a nice liquid. When it congeals in the prop hub you may find it difficult to
change the prop RPM which is annoying.
But when it congeals in the oil cooler, it plugs it up and the oil pressure
soars far above the redline. There was even a recent episode of Ice
Pilots about this, but as usual for TV it was not explained coherently.
This is why you want to run a multi-viscosity oil in the winter, and
it's not just about the preheat. The pour point of Aeroshell 15w50
is -40C which is far below that of the straight grade W100 (sae 50).
Even with Aeroshell 15w50, do you want to operate below -40C?
Executive summary: even with pre-heat, don't run summer straight
grade oil in the winter.
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I presume the tube comes off fairly easily and once you drill it you can clean it off really well maybe even use a cloth with a magnet in it to help collect metal shavings. Then put it back where you took it off from.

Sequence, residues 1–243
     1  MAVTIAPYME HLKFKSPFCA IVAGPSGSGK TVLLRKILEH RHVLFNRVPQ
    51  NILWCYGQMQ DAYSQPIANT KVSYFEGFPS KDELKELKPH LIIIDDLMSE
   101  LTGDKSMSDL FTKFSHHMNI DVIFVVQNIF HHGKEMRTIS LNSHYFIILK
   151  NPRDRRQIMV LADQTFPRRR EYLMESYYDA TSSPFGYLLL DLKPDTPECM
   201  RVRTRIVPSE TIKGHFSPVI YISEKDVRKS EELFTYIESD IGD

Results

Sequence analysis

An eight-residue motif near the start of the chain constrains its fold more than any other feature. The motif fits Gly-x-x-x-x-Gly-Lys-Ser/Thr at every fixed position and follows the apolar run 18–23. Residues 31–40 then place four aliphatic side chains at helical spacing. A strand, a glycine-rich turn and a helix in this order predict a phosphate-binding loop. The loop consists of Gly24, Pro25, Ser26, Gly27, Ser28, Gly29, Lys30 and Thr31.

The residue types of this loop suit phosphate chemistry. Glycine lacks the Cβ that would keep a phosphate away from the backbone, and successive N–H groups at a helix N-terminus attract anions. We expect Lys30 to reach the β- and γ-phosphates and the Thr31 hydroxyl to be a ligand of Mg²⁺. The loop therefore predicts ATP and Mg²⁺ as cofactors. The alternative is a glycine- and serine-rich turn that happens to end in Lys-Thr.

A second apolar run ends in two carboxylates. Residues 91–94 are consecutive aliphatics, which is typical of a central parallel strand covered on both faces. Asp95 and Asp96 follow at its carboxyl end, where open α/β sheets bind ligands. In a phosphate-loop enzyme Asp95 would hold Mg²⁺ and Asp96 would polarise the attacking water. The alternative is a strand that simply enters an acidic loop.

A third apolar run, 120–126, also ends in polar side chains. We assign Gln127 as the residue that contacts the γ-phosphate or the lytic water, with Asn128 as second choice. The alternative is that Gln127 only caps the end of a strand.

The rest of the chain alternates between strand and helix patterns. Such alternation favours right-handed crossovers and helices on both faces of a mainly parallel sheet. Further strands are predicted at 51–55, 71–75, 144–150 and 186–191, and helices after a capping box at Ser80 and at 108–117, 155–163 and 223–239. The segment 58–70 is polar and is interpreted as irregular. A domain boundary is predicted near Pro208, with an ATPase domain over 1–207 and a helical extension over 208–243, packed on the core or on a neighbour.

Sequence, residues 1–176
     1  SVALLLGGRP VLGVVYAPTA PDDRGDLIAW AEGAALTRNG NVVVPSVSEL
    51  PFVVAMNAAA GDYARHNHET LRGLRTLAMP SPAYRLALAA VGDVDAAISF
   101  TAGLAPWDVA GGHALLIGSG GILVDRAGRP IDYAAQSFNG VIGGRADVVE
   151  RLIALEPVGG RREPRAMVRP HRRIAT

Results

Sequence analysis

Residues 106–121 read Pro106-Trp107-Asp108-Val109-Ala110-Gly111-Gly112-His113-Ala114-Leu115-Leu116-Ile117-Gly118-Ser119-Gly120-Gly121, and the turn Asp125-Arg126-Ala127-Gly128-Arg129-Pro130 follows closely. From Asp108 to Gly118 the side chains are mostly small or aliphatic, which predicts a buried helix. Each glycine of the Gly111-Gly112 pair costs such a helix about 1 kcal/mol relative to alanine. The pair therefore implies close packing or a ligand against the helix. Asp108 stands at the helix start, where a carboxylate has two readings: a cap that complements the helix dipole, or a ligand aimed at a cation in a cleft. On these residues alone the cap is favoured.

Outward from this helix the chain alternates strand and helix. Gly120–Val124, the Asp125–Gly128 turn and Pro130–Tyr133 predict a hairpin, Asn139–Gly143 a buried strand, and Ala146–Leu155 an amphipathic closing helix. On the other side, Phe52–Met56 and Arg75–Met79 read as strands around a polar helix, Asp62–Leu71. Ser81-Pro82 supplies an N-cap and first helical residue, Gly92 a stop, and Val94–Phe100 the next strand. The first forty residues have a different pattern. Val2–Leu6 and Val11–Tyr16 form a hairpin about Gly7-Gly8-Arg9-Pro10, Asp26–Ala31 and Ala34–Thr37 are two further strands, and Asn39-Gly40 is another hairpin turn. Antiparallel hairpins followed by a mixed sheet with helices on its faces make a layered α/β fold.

At the front r/h side of the crankcase was an elbow fitting ( breather) that had a rubber tube attached. The tube went down to the bottom inside of the cowl.( Some engine have metal tubes but they will ice up easier than rubber)
On extremely cold days it would freeze from condensation and plug the tube end. No matter because I had a hole in the tube half way up.
I also drilled a small 1/8 hole in the vertical half of the elbow as a precaution.
No issue with drill swarf getting into the crankcase as the pressure is all outbound.
This method worked really well and I never had any issues
second UPF-7 in distance. Bonus points for the Grumman
Tiger peeking out on the right.
It was nice to see both UPF-7's flying overhead in tight
formation. Probably a better sight than me walking in my
first parade in Key West (annual dachshound walk, 31 Dec).
Never thought I would be in a parade in Key West unless I
was dressed as a nun with fishnet stockings and garter belts.